When it comes to Google Drive on the web, look for the Last modified column heading. Click on this to switch between seeing the most recently modified files first or the least recently modified files first. You can also run a search like "before:2020-01-01" in the main Google Drive search box to look for files last modified before a certain date (change the date as needed). Use Ctrl+Click to select multiple files in your Google Drive, then the trash can icon to delete them.
Both OneDrive and iCloud have similar options too: In OneDrive it's the Modified and Descending option from the Sort menu in the top right-hand corner, and in iCloud it's the Sort by … option at the top right above the file list. These manual operations aren't as convenient as automatic tools, but even if you just run them once every couple of months or so, you should be able to clear out plenty of files you no longer need.
Google is leading the way when it comes to the auto-deletion of data that's gathered on you as you browse the web—though it's fair to say that it's also leading the way when it comes to collecting data on you in the first place. The likes of Apple and Microsoft don't really need tools like the one Google offers, because they're not slurping up as much information about you for ad-targeting purposes as Google is.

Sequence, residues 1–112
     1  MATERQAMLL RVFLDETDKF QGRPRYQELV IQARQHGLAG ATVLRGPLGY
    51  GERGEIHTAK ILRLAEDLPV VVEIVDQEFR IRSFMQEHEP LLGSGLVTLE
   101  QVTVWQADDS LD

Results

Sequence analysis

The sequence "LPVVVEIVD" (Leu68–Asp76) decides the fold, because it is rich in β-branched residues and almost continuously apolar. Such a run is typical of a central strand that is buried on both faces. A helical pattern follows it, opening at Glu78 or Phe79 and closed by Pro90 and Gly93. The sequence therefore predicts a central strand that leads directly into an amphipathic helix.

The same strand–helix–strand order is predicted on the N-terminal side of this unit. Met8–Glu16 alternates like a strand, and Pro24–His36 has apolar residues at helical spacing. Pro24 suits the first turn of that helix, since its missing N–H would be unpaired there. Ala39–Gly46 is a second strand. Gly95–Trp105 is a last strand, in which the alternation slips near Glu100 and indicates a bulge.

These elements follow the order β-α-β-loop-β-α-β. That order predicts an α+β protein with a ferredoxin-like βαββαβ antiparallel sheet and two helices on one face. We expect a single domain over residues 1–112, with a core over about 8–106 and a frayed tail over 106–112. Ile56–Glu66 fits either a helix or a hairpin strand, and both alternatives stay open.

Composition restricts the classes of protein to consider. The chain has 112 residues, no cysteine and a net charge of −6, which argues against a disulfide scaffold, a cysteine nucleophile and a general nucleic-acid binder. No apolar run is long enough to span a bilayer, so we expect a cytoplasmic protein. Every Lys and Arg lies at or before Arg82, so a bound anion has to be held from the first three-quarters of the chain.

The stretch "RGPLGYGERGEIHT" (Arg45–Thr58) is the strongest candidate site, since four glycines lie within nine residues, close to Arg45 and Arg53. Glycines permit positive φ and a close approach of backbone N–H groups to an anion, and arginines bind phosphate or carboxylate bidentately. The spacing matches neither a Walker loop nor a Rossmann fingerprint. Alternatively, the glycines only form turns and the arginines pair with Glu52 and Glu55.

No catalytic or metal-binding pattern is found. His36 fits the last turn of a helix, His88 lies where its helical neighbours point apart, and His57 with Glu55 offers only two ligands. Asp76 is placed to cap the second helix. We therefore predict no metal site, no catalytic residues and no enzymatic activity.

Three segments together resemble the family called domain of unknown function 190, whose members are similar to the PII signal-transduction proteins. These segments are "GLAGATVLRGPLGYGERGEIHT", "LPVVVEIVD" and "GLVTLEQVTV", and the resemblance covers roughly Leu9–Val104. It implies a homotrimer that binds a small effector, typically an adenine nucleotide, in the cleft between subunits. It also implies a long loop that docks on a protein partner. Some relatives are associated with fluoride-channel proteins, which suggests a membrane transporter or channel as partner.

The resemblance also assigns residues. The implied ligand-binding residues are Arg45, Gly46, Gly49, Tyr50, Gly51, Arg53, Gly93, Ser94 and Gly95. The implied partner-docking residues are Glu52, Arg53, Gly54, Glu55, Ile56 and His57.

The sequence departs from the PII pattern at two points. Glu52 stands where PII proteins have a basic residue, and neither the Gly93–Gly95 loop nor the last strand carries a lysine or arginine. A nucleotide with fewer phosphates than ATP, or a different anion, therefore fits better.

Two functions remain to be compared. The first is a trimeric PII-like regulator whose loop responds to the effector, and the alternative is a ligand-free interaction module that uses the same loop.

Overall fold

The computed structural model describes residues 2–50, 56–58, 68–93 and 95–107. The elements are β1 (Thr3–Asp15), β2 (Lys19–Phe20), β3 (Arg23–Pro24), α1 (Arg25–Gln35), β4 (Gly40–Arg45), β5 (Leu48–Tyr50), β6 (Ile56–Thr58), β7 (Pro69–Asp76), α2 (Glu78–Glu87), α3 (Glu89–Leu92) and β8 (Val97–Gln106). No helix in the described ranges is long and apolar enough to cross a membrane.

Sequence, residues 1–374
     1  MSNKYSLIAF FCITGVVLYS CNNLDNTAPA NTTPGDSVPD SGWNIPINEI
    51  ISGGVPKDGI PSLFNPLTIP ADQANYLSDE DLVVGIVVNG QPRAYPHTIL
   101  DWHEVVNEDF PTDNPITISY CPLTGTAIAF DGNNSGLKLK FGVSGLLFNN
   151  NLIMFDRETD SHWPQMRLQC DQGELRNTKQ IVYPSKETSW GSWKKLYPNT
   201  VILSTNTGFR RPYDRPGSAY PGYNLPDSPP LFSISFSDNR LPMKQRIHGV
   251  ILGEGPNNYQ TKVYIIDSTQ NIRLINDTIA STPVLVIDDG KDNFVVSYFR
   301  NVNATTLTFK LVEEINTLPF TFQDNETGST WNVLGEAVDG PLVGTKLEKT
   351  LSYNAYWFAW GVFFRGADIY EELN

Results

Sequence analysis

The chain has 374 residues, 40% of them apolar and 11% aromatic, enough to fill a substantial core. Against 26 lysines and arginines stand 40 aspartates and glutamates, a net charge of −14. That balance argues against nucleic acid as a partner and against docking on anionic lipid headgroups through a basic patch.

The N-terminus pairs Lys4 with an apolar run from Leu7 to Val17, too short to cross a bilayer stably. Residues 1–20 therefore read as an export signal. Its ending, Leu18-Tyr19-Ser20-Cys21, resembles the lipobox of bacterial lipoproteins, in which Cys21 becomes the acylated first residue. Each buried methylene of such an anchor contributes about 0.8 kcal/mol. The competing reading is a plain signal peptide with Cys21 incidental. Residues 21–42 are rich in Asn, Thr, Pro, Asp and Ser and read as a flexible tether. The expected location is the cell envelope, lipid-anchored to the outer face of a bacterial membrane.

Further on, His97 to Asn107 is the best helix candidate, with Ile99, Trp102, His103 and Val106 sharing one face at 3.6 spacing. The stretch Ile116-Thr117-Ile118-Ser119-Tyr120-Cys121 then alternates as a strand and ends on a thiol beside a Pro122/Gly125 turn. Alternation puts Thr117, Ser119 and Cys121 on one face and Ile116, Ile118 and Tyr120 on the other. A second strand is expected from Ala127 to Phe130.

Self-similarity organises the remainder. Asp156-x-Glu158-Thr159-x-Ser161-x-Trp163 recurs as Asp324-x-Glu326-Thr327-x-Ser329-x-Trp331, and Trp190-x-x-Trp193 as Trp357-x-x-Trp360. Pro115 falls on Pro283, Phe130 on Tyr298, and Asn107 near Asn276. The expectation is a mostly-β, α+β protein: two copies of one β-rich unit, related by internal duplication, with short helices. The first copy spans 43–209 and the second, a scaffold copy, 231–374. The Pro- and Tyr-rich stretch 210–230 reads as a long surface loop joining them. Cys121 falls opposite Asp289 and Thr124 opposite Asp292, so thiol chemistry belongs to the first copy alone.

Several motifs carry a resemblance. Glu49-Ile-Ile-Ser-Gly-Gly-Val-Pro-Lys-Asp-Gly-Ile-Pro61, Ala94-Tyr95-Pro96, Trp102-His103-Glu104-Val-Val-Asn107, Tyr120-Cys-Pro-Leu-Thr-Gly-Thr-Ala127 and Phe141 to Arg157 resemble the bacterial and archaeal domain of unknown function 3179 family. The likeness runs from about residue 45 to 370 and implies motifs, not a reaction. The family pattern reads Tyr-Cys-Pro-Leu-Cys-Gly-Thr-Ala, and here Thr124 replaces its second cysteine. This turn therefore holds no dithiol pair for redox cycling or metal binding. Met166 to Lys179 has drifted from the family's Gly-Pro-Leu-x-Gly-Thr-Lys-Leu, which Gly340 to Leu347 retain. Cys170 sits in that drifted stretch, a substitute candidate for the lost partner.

Log into your Google account on the web, then click Data & personalization to see the information Google is logging about your online activity, your search history, and your location—both to personalize your experience of its apps and to serve up targeted ads. In all of these categories, you can select the Auto-delete option to have the data automatically wiped after 3, 18, or 36 months.
Specific bits of information—on specific days, or collected through specific services or from specific devices—can be erased through the main activity dashboard. You can, for example, wipe the record of everything that you've said to your Google Nest smart speaker over the last week.
Besides Google, the only other company that collects data and serves ads against it on quite the same scale is Facebook. If you go to your Facebook Settings on the web, then click Your Facebook information and View, you can access and delete some of this data—though not based on its age. We've written more about limiting what Facebook collects on you here.